Cooking With Pie Irons


pie iron blog 2015

No, we’re not talking about the loved ones that will be attending your family reunion- we’re talking about Pie Irons! Pie Irons are known by many different names, Pudgie Pies, Pioneer Pies, Fire Pies, Toasties and Jaffles, but each name is referring to ingredient-filled "pockets" of bread toasted over a campfire. Cooking with pie irons is a long time tradition at our family reunions.

The Basics of  Cooking With Pie Irons

Camp cooking doesn’t have to be just hot dogs and roasted marshmallows. Our family reunions wouldn’t be complete without a delicious raspberry pie cooked over the campfire and sprinkled with sugar and cinnamon. With a pie iron, you can cook anything from a simple grilled-cheese and ham sandwich to a delicious berry pie for dessert.

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In its most basic function, a pie iron is a way to cook grilled cheese sandwiches and fruit pies over an open fire. This is done by placing the food inside the pie iron and then locking the two sides closed with a metal hook. Metal rods with wood handles extend from the castings so the user can easily maneuver the pie iron over a campfire. A few minute over the heat, usually 4 to 6 minutes, and you will have perfectly toasted sandwich or pie.

Pie Irons are available in both cast iron & aluminum. Our family prefers cast iron. They come in several different shapes; round, square, oblong and double. For our family reunions, we only use square irons. Aunt Lynn doesn’t think she’s had breakfast unless she has had a piece of toast so we’ve even used our pie irons for toast.

To make the most simple of pies, just take two slices of bread (buttered on the outsides), fill with jam, cheese, meat or pie filling- you don’t need much, then place inside the pie iron and lock it closed. Hold it over your campfire for a few minutes on each side and you’ll soon be eating a grilled cheese sandwich or a scrumptious apple pie.

At our family reunions, we like to make fruit pies in the evening while we are sitting around the campfire visiting, singing or playing games. About ten years ago, at a family reunion, cousin Mindy suggested that we sprinkle our freshly baked pies with sugar and cinnamon when we dump it out of the pie iron. Yummy! Some of our favorite flavors of fruit pies are lemon and raspberry.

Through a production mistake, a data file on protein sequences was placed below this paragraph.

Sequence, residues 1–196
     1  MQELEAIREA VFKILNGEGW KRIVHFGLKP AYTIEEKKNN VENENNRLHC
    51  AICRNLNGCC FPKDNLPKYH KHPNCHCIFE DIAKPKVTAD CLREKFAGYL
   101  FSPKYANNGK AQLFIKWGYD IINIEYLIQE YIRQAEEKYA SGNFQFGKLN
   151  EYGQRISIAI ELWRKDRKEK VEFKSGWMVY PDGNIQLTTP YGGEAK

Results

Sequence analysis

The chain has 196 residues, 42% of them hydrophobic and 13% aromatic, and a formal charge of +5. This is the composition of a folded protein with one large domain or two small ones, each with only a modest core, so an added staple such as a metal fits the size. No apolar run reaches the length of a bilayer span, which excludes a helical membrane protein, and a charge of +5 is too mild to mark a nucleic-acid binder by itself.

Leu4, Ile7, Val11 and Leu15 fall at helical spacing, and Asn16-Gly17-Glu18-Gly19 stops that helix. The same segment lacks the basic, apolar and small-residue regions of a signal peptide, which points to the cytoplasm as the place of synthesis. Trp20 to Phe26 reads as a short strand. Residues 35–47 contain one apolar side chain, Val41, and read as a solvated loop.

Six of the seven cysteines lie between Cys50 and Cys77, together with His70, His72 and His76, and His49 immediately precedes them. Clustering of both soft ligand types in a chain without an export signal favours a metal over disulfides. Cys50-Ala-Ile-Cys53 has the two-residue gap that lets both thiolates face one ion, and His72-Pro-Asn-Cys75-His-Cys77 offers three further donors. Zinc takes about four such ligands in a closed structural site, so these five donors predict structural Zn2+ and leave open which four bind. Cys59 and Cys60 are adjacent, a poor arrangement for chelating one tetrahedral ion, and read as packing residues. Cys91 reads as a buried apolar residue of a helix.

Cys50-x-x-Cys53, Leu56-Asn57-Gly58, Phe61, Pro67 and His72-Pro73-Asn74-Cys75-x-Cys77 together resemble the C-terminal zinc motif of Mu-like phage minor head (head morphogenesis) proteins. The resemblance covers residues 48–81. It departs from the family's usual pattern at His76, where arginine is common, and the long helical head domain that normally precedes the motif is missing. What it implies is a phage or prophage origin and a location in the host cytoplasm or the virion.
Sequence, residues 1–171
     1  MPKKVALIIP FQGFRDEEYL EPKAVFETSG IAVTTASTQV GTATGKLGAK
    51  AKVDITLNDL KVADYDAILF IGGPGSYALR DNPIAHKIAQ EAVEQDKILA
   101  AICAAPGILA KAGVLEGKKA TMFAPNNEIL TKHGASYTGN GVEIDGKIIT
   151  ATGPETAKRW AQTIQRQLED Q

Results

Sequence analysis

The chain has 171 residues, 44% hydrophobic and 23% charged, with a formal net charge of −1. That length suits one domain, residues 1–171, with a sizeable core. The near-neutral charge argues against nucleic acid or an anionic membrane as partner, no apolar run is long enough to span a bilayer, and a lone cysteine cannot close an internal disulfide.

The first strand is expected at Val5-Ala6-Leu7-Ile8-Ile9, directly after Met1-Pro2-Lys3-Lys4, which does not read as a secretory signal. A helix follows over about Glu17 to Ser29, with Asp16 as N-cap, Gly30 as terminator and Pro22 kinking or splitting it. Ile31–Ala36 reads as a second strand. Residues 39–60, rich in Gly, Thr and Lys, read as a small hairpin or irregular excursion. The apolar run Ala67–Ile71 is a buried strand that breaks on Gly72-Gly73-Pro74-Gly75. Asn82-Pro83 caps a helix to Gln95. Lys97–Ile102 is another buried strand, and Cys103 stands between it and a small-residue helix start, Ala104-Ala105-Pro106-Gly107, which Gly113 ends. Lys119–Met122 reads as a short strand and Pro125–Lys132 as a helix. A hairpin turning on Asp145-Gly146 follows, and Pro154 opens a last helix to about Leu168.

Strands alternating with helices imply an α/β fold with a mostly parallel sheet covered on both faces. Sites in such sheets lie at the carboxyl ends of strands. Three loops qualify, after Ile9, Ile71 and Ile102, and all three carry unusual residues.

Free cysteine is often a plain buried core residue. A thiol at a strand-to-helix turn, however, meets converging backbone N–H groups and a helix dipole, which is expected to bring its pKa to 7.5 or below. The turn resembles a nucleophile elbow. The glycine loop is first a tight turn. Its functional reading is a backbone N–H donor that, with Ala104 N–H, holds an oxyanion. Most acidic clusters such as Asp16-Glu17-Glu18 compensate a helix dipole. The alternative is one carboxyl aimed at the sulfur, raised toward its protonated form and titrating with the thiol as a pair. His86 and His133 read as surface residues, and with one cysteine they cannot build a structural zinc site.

Pie Iron Fruit Pies



 Step 1

Build a campfire. Pie Iron pies do best over a hot bed of coals. Try to start your campfire an hour early to let it burn down.

 Step 2

Butter one side of each slice of bread. Place one slice, butter side down, in one half of the pie iron.

 Step 3

Put a spoonful of pie filling in the center of the bread slice. Keep the filling away from the edges, as it may leak while the pie is cooking.

 Step 4

Place the second slice of bread, buttered side up, on top of the pie filling.

 Step 5

Place the second half of the pie iron on the bottom half, squeezing the bread and filling together. Latch the two halves of the iron together, to keep it from opening up while the pie is cooking.

 Step 6

Place the pie iron over the campfire, and let it cook for several minutes (4-6 minutes). Turn the pie over, and check for doneness. The pie is done when both sides are golden brown and toasted.

 Step 7

Put the pie on a plate. If you have crispy edges you may want to carefully trim them. Be careful, as the filling is HOT! Sprinkle with sugar and cinnamon and enjoy!